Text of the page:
An Interview with Tiana Warner

Congratulations on releasing your latest book, The Road Trip Agreement! What did your writing process look like for this story compared to your other series’?

Thank you! This story was inspired by a road trip I took along the Oregon coast, so the process kicked off with some real-life setting research—which is obviously quite different from writing fantasy books. I began the draft while on the trip and finished it fairly quickly while the setting was fresh in my mind. Compared to writing fantasy, I find contemporary romances to be quicker because you don’t have to spend time creating or researching the fictional world(s) and magic rules.

As a bisexual woman writing and publishing much needed sapphic stories, what are the struggles that you’ve faced within the industry?

When I first started publishing, there weren’t a lot of LGBTQ+ publishers or even that many LGBTQ+ novels, so I remember being unsure whether there would be space for my trilogy about a girl who falls in love with a mermaid. Now, there are more options than ever for sapphic literature, which is amazing! It’s lovely to see the genre grow and become more mainstream. I’m lucky in that I haven’t had serious struggles within the industry, other than the occasional bigoted one-star review. But those people don’t deserve my mental energy. Overall, the book community is a wonderful and accepting place, and I’ve definitely felt the love.

Do you think there are differences between writing adult sapphic romances and YA sapphic stories?

The only real difference is in the age of the protagonist. YA protagonists are teenagers, and adult books have adult protagonists—simple as that. For my stories, there is also a difference in the heat level of the romantic scenes, but that’s not necessarily a rule. There are lots of adult stories with closed-door romantic scenes and YA stories with more graphic scenes. Same with violence levels and the intensity of the subject matter.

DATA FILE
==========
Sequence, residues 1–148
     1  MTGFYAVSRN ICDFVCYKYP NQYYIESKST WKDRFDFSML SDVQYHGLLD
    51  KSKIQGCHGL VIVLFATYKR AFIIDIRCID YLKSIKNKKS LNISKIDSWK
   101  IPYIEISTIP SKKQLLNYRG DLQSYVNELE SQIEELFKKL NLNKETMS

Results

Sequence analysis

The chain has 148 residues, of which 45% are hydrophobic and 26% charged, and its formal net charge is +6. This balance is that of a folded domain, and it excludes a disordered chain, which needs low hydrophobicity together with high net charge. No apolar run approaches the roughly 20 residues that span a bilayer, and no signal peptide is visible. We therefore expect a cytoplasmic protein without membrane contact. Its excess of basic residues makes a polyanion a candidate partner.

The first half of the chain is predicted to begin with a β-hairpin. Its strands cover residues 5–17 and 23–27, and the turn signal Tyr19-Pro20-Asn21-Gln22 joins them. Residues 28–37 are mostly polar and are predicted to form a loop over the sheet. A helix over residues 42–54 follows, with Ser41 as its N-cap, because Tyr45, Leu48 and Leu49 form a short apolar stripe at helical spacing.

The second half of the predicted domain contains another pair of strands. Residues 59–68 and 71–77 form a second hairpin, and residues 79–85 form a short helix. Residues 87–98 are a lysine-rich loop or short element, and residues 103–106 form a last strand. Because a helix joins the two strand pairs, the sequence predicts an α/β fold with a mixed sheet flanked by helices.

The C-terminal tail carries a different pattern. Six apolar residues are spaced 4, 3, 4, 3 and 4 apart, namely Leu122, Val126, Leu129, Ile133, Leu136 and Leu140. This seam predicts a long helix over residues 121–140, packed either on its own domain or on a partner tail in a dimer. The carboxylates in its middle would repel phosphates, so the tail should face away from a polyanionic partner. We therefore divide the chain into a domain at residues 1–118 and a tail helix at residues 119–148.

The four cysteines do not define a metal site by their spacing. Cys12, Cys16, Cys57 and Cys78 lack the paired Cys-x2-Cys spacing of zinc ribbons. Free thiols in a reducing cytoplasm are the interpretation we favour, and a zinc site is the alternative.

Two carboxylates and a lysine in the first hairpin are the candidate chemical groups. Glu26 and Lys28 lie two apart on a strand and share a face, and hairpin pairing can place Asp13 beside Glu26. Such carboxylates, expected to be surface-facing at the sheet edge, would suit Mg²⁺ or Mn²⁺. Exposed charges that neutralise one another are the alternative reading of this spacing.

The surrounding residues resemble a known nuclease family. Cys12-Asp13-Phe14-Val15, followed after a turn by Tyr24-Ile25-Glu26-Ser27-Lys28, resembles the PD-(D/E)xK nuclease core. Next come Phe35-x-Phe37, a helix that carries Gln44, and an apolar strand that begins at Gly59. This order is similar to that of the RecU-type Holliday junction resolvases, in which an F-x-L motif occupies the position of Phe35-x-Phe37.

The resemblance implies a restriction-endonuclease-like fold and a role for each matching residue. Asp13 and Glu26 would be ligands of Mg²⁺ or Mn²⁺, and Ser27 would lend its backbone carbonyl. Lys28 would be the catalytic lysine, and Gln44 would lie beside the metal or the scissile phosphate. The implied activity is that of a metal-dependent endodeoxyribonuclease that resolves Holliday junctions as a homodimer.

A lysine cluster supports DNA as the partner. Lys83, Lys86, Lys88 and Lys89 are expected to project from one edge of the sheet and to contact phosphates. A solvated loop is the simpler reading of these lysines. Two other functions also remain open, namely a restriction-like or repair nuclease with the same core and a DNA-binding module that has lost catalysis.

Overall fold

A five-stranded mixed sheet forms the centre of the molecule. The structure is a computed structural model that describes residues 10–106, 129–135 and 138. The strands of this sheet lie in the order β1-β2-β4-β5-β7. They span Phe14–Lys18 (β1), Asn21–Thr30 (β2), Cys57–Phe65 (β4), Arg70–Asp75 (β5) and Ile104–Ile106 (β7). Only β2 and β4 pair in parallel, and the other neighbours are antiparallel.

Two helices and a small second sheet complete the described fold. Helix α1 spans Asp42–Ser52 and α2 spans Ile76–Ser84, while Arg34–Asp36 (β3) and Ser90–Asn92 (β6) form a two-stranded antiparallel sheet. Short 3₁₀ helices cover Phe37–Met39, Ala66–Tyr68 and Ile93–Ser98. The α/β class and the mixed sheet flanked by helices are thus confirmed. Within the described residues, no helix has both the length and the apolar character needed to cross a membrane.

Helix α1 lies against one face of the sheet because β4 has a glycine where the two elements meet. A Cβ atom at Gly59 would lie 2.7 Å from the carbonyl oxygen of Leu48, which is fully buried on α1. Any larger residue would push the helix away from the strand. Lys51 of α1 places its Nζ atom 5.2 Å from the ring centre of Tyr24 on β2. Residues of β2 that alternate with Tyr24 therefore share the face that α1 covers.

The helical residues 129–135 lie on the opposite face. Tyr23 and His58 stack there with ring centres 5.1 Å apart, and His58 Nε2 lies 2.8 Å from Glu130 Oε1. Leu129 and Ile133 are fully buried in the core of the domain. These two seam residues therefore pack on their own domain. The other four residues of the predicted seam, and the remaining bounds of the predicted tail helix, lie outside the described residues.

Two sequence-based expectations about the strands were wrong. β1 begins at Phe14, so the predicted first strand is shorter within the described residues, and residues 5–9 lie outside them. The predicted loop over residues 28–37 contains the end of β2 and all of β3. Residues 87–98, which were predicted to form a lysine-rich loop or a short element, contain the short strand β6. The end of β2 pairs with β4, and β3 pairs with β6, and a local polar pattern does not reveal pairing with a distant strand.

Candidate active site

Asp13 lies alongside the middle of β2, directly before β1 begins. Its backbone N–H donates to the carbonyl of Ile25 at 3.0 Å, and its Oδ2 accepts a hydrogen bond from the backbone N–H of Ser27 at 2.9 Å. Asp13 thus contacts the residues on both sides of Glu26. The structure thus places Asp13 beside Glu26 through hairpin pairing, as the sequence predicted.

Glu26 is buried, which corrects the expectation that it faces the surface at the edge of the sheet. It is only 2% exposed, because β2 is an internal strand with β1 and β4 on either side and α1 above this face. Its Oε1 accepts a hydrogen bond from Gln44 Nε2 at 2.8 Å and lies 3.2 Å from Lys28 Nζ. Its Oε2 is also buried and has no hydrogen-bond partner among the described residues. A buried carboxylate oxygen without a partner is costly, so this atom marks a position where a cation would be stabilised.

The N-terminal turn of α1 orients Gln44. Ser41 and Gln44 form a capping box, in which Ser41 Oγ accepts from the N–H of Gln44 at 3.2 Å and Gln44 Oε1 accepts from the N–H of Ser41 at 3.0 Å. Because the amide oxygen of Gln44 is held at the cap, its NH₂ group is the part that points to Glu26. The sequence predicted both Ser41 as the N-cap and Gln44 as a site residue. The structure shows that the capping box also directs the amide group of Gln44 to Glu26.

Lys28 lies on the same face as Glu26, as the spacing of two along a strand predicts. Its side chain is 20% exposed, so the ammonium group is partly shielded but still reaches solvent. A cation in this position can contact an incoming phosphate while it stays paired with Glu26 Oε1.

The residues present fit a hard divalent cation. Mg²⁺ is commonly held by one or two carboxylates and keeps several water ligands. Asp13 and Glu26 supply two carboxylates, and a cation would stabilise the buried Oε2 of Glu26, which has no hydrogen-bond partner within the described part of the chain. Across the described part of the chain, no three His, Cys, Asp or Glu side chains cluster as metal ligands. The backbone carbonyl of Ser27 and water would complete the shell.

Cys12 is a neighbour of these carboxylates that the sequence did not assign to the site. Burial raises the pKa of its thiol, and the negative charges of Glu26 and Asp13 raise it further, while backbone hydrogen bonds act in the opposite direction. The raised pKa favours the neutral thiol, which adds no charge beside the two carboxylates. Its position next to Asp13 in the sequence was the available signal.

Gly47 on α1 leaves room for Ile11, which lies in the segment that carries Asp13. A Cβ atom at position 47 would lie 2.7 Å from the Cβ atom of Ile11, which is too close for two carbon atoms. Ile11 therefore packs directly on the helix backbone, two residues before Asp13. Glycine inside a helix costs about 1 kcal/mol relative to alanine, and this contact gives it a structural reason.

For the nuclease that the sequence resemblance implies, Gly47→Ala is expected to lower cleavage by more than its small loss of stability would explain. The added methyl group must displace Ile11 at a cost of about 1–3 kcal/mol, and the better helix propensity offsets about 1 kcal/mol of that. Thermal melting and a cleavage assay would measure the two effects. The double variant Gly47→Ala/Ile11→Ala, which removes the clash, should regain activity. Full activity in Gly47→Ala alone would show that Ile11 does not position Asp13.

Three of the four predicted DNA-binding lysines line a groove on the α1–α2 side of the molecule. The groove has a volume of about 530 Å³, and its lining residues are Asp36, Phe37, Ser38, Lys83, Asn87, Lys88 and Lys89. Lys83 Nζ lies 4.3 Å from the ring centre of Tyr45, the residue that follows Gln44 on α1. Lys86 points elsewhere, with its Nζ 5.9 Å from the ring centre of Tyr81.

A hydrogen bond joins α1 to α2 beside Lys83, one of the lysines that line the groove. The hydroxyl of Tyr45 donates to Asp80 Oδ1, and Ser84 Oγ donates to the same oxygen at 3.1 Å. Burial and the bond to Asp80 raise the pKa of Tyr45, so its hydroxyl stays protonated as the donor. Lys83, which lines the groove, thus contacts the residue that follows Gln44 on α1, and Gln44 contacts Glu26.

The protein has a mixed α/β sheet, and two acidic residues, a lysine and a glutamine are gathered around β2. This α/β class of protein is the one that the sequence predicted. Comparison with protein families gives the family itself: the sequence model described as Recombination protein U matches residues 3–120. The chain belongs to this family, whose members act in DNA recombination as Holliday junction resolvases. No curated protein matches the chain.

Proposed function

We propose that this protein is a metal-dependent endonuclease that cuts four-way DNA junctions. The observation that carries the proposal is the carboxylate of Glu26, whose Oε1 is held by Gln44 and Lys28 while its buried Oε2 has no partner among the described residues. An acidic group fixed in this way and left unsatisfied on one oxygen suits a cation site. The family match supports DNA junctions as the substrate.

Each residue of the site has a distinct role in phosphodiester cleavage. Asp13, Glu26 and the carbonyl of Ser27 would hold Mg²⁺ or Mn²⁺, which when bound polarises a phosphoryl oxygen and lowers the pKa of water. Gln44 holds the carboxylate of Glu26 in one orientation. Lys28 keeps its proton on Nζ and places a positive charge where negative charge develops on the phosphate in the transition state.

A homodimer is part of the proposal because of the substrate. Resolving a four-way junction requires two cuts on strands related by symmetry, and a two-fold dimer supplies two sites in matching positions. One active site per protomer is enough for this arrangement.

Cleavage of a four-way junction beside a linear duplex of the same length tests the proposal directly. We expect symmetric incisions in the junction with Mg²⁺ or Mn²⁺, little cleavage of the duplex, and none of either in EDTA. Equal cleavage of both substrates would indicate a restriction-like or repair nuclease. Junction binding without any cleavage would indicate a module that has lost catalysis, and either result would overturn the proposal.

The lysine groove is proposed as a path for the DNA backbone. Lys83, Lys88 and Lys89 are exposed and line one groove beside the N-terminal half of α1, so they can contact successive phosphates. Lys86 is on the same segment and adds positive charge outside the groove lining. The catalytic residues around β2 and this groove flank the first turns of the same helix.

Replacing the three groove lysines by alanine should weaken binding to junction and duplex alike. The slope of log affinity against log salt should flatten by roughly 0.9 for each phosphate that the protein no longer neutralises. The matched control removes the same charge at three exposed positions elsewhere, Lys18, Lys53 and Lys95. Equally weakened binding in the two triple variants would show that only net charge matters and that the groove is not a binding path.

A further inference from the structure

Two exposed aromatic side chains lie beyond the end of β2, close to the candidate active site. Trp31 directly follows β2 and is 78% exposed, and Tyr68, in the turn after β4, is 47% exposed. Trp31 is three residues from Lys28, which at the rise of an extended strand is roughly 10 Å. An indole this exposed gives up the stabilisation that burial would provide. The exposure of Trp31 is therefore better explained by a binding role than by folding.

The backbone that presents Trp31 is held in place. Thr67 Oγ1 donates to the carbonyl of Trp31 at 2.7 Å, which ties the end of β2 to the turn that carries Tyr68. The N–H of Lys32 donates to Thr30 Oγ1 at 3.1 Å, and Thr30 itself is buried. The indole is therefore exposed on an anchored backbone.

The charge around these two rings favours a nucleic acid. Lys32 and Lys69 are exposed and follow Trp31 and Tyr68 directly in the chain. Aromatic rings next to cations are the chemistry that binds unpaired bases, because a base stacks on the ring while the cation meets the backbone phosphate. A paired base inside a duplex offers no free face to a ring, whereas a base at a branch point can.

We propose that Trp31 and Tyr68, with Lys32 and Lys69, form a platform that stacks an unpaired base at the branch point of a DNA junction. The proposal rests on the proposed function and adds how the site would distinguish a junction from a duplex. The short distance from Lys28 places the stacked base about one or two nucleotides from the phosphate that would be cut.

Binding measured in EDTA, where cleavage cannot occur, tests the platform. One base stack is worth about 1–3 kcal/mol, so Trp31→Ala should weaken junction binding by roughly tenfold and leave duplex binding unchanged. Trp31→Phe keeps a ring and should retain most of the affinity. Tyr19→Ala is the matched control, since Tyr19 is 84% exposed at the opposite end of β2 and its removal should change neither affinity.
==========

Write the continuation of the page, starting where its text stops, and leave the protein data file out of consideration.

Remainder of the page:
Staying on the topic of genres, do you have a preference between writing adult sapphic novels or fantastical mermaid and valkyrie stories? Is there a new genre you’d like to try out?

I alternate between writing contemporary adult romance novels and YA Fantasy novels, and I love being able to do both. Fantasy novels are so fun to write but take a lot longer and are more mentally draining because of all the worldbuilding involved, so it’s nice to break those up with something that takes place here and now. Both genres are equally fun to write and have their unique challenges! As for trying out a new genre, I’ve always wanted to write a psychological thriller (à la Gone Girl, my favorite book), but I haven’t gotten around to it yet. One day!